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Alright. I have looked through how to make palindromes, and it looks like using the reverse() method seems to be my best bet. However, in my code I have run into an error I do not understand.

import java.util.*;
public class retreiveInput 
{
    private Scanner input = new Scanner(System.in);
    private int fives = 0;
    public retreiveInput(){

        fives = input.nextInt();

    }
    public void check()
    {
        while(fives < 9999 || fives > 100000)
        {
            System.out.println("The number does not work! It is NOT 5 digits!");
            fives = input.nextInt();
        }
        String five = Integer.toString(fives);
        five.equalsIgnoreCase(new StringBuilder(five).reverse().toString());
            if(five = five.reverse()){

        }
    }
}

At the reverse in the code, it is giving me the following error. "The method reverse() is undefined for the type String"

Any idea how to fix this? What the program is supposed to be doing is that at the reverse() point of the if statement, the program should be checking if the value of five is equal to the reverse of five.

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2  
The String class doesn't have a reverse() method, but StringBuilder does –  Tim Castelijns May 22 '14 at 17:20
    
So how would I go about using the StringBuilder to fix the if statement? –  user3348422 May 22 '14 at 17:21
    
@LuiggiMendoza I figured the error was at five.reverse(). five is of type String –  Tim Castelijns May 22 '14 at 17:22
    
@TimCastelijns that's not the error. I suggest you to read the code first. –  Luiggi Mendoza May 22 '14 at 17:23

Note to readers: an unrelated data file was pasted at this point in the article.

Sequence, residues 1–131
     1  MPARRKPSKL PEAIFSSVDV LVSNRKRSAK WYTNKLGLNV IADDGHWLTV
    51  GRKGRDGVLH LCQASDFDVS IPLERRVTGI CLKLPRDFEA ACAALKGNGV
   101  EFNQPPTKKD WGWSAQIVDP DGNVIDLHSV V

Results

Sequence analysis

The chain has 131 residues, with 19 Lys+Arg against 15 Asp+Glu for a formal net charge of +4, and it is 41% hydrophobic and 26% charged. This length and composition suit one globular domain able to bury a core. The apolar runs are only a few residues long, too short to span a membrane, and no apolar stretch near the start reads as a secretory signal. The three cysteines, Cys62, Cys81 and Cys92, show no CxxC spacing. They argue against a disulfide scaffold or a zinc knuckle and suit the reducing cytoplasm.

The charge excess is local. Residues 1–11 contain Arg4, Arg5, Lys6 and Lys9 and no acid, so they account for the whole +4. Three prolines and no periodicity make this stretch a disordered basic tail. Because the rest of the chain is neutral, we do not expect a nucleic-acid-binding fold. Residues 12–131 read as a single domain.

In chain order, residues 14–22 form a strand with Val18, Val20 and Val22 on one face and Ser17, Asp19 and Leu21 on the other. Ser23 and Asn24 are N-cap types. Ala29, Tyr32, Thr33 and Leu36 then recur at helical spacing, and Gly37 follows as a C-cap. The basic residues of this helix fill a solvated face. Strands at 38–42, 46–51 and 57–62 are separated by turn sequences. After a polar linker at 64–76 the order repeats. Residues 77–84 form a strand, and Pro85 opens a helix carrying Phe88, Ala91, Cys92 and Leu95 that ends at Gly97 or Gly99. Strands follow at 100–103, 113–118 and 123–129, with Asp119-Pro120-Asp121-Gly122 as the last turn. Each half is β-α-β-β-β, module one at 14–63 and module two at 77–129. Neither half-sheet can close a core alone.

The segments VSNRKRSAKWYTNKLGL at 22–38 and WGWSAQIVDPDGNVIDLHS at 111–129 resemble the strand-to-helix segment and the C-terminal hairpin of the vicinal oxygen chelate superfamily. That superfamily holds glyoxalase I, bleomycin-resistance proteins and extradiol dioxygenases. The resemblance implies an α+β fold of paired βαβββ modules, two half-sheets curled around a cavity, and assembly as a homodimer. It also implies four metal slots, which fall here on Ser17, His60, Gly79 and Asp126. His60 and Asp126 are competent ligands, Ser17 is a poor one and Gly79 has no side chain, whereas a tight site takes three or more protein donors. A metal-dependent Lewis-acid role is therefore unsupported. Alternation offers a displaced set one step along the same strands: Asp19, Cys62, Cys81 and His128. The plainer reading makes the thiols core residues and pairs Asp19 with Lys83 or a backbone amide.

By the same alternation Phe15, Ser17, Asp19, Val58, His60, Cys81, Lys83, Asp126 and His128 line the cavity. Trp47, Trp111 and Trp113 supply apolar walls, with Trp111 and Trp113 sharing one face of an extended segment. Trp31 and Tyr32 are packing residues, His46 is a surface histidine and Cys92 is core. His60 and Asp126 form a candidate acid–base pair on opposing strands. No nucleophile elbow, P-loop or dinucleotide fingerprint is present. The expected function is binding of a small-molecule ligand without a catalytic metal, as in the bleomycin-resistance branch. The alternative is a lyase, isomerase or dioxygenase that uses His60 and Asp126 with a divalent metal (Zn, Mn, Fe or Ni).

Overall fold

@LuiggiMendoza I do not see how the error The method reverse() is undefined for the type String is not caused by calling reverse() on a variable of type String –  Tim Castelijns May 22 '14 at 17:25

1 Answer 1

if(five = five.reverse())

In the above code five is a string. reverse is a method of StringBuilder(). You also have some errors present in your if statement. You want this

StringBuilder sbFive = new StringBuilder(five)
if (five.equals(sbFive.reverse().toString()))

Also note you can do this a bit faster.

The way to do it faster is to start on each end and meet in the middle during your comparison. it takes half the executions :)

share|improve this answer
    
Nevermind. Thank you so much! The code finally works! I had spent hours in the library trying to fix it. –  user3348422 May 22 '14 at 17:24
    
@user3348422 Sorry there was a typo with the Parenthesis. –  Razs Apps May 22 '14 at 17:25
    
@user3348422 please accept this answer when you can, and please don't edit the working code into your original answer. Doing that will confuse future visitors –  Tim Castelijns May 22 '14 at 17:39

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